New court filings in the case against the former Minneapolis police officers involved in the death of George Floyd show that there were doubts about what caused him to expire, according to a medical examiner.
The report from the Hennepin County medical examiner released on Tuesday details the results of the toxicology tests on Floyd, and states that Floyd had “a fatal level of fentanyl” in his system.
The medical examiner reiterated, however, that there were a multitude of causes contributing to Floyd’s death.
But he did make it clear that had there been no other factors contributing to the situation, the level of fentanyl in Floyd’s system would have been a cause of death on its own.
“[Dr. Andrew Baker] said that if Mr. Floyd had been found dead in his home (or anywhere else) and there were no other contributing factors he would conclude that it was an overdose death,” the June 1 filing said, according to KMSP-TV.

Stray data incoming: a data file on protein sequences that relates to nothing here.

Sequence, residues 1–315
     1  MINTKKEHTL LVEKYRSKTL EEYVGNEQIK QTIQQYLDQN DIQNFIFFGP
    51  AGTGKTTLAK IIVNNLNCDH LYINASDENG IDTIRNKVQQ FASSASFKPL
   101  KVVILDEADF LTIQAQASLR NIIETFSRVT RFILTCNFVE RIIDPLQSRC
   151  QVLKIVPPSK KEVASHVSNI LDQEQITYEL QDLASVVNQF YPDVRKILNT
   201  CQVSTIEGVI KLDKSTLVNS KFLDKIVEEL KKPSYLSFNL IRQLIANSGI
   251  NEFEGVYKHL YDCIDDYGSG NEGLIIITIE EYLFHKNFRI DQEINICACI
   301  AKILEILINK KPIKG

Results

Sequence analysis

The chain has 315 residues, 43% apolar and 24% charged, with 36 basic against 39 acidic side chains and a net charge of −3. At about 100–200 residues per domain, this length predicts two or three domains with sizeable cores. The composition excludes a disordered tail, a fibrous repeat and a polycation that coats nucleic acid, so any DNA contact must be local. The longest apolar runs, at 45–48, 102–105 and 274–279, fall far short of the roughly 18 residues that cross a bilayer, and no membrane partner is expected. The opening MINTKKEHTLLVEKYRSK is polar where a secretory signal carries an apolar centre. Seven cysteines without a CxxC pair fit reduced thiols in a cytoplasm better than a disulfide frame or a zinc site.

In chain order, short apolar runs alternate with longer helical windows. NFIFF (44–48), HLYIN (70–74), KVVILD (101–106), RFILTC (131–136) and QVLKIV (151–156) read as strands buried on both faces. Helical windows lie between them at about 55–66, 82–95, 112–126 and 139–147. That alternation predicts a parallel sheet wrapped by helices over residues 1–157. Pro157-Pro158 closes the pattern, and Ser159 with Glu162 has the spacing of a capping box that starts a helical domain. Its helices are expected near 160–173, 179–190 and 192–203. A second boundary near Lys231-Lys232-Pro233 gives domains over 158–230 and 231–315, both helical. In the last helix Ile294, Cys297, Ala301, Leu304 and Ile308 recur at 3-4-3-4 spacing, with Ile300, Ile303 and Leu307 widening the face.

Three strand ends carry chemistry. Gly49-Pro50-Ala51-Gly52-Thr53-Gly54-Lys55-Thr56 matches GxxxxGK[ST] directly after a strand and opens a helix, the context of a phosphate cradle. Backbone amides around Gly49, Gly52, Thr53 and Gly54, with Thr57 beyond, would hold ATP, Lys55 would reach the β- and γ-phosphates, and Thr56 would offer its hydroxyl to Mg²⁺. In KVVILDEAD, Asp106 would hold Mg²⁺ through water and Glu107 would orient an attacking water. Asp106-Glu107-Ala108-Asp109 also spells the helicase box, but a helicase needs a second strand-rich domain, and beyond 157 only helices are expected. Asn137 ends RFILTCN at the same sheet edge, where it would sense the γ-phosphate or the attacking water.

The new memoranda reflected discussions Baker had with the county attorney’s office.
One memo said Baker concluded, “The autopsy revealed no physical evidence suggesting that Mr. Floyd died of asphyxiation,” but Baker told the attorney his investigation was incomplete pending a toxicology report.
A previously released report from the same medical examiner’s office found that Floyd had also recently used methamphetamine before his death.
Updated report from Hennepin ME: Cause of Death for George Floyd is heart attack from subdural restraint and neck compression. Significant conditions include heart disease, fentanyl intoxication, and recent meth use. pic.twitter.com/m30Ofox6S0
— Tom Lyden (@LydenFOX9) June 1, 2020
The medical examiner concluded that the cause of death was “a heart attack from subdural restraint and neck compression,” but added that significant conditions included “fentanyl intoxication” and “recent methamphetamine use,” in addition to “Arteriosclerotic and hypertensive heart disease.”
An independent autopsy of Floyd ordered by his family, however, found that he died from “asphyxiation from sustained pressure,” and it reported evidence of “neck and back compression that led to a lack of blood flow to the brain.”